As I mentioned, Jamaica is currently recognizing – and in most cases, celebrating – its 60th anniversary of Independence. This is such a large, round number that special attention is being paid to “Jamaica 60.” What progress has been made in the past six decades since the flag of the “Coloniser” descended a flagpole in Kingston at midnight on August 5, 1962 (more about how Jamaica’s national flag was chosen here).
By the way, the word “colonising” was used by Senator Lidia Thorpe, an indigenous Australian parliamentarian recently to describe Queen Elizabeth II, as she was sworn in with a clenched fist held high. She was interrupted and told to stick to the script of her oath of allegiance, which she eventually did – albeit in a sarcastic tone of voice. She had made her point, anyway.
Back to “decolonized” Jamaica. Perhaps this large number 60 has prompted some of us to go back to basics – to take a long, hard look at ourselves, including sections of Jamaica’s civil society. Jamaicans for Justice’s (JFJ) contribution to our attempts to clarify where we stand as an independent nation – right here and now – is most timely. The Charter of Fundamental Rights and Freedoms is referred to fairly often, but many Jamaicans don’t quite grasp what it contains. Many may not know that it even exists. A critical document such as this – a pact with the Jamaican people – should not be hidden in a veil of mystery, however. It must be accessible to all Jamaicans, just as human rights are for all Jamaicans.
Here is JFJ’s press release explaining what prompted them to publish this booklet, which is available online free of cost and in hard copy form for a small contribution.
The document can be found in digital format here.
JFJ releases booklet that simplifies the Charter of Fundamental Rights and Freedoms
Saturday, August 6, 2022 – In observation of Jamaica’s 60th anniversary of independence, Jamaicans for Justice (JFJ) released its booklet titled ‘Know Your Rights: The Charter of Fundamental Rights and Freedoms Made Simple’. The fifty-page spread details the Charter of Fundamental Rights and Freedoms to increase the understanding of citizens as to the rights entitled to them.
The booklet simplifies the foundational principles within the constitution, detailing the rights and freedoms that govern all citizens. The information ranges from a history of human rights within the country; a breakdown of the branches of government, including their roles, powers, and authority; categorizing the various rights to also outline judicial rights and due process, civil and political rights, as well as some social and economic rights.
JFJ notes the long road to freedom for the nation, the continued journey towards full sovereignty, the sacrifices of our forefathers and foremothers, and their vision towards a core commitment to human rights values. According to the Executive Director of Jamaicans for Justice, Ms. Mickel Jackson, the organisation therefore found it most fitting to release the booklet on Independence Day.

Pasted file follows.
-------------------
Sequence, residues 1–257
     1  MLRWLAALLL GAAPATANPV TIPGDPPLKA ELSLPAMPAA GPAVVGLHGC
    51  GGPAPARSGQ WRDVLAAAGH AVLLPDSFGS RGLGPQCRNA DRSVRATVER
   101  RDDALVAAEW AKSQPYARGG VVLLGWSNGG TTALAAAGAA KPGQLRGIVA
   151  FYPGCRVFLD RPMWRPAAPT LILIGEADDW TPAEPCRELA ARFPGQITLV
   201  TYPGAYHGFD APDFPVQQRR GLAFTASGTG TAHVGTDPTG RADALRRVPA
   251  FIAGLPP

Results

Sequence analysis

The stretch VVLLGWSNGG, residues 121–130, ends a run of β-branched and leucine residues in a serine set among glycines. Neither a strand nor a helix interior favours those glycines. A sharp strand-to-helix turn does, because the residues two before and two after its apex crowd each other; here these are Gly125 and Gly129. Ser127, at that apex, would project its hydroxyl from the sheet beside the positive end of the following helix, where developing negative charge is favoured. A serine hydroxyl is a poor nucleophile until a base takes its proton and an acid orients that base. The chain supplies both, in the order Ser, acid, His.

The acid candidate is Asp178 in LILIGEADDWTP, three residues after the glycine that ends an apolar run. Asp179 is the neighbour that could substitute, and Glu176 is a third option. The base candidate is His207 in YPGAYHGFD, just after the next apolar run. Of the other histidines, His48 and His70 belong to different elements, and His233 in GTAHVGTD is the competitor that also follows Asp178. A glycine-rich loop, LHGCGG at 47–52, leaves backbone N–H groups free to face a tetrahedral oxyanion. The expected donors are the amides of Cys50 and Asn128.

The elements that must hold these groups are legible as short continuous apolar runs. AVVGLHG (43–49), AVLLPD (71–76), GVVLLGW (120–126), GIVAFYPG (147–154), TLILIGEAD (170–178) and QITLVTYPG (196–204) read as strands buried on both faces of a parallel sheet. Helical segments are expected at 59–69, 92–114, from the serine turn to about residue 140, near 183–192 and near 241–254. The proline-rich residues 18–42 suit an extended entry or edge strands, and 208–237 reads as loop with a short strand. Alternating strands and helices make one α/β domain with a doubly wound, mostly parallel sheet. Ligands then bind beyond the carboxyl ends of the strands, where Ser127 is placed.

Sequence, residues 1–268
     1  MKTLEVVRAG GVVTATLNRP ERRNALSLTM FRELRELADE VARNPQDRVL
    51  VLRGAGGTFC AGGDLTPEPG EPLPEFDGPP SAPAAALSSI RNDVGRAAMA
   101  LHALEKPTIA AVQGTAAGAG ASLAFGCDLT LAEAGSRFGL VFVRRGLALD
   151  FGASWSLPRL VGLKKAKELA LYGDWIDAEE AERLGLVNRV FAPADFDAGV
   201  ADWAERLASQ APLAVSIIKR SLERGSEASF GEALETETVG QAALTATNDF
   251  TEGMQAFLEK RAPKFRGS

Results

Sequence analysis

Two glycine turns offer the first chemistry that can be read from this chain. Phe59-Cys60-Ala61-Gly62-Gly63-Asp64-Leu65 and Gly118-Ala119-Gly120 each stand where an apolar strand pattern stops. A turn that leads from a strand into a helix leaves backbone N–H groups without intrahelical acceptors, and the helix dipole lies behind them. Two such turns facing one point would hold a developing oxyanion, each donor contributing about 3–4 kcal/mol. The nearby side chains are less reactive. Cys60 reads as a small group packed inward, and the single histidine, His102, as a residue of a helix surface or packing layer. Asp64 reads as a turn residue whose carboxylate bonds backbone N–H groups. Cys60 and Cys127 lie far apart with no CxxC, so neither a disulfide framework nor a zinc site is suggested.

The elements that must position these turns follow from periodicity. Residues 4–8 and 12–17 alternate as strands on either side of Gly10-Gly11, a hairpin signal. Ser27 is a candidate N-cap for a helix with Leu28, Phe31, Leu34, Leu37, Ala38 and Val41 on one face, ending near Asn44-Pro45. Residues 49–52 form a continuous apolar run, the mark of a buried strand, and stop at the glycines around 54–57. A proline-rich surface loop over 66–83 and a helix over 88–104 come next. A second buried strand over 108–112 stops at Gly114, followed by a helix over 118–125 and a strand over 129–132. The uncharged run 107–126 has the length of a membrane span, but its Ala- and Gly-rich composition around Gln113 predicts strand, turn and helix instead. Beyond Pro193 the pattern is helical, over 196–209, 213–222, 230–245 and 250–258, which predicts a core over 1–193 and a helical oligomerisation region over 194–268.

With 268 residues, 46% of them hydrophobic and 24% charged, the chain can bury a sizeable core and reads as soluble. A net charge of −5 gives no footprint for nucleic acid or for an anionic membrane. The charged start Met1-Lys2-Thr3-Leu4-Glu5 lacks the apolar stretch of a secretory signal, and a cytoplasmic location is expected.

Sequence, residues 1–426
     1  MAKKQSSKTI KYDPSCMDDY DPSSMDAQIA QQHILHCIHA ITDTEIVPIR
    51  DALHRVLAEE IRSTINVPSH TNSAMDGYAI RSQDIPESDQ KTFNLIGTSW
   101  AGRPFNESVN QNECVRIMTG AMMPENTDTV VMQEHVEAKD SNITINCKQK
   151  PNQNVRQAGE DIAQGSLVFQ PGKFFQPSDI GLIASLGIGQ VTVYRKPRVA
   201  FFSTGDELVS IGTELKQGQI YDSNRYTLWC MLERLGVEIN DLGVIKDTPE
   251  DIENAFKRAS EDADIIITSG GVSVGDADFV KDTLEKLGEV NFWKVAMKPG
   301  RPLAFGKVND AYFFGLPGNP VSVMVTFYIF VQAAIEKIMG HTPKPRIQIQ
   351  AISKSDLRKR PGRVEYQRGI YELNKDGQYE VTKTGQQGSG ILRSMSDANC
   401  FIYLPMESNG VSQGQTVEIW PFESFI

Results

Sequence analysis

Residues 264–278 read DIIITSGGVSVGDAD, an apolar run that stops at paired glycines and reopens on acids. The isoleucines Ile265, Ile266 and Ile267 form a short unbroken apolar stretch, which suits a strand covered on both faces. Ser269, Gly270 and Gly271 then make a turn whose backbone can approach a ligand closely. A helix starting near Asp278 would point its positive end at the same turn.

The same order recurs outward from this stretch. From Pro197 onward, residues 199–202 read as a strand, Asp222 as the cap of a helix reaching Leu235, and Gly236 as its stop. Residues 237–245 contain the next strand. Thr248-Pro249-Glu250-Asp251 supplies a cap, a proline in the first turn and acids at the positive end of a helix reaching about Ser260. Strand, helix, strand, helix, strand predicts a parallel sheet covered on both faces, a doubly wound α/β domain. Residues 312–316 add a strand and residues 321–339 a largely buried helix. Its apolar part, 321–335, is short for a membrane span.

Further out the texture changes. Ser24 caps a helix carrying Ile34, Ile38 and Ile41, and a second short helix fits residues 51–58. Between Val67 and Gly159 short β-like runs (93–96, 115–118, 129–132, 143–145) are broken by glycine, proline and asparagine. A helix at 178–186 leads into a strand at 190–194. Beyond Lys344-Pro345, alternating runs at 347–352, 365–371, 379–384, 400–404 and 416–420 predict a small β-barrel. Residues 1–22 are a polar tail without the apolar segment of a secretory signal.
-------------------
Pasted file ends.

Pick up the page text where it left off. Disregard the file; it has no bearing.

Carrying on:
“As the country celebrates its 60th year of independence, we do have some way to go to achieve the level of understanding of the rights and responsibilities among the totality of our citizens that is required for the maintenance and improvement of our constitutional democracy,” said Mickel Jackson. She stressed further that each new generation must acquire the knowledge and character necessary for a constitutional democracy, but that this effort requires strategic interventions by the government and participation by all stakeholders.
The organisation noted that in addition to its released booklet, through a series of videos, Information, Education and Communication (IEC) materials, and via its digital platforms, JFJ will be explaining the basic concepts of constitutionalism, with an emphasis on helping citizens to understand what a constitution is and does, and why the constitution is relevant to their lives.
While welcoming the announcement of civics being taught in school, JFJ noted that more informal approaches will also be needed to reach those in communities and out of school. The organisation therefore encourages the government, through its Ministry of Education and Ministry of Culture, to engage various stakeholders to assist in community-based interventions to increase information and constitutional understanding.
“As Jamaica moves towards constitutional reform and commences defining its legislative agenda, JFJ believes it is important that every citizen, no matter their levels of formal education, should be aware of their constitutional rights and responsibilities,” said Jackson. The organisation encourages people to read the book and be informed about their rights and entitlements so that they are better equipped to demand change and state accountability if or when their rights are infringed upon.
The released booklet is a part of the organization’s overall 3-year public education ‘Justice for All’ campaign, which was launched on July 21.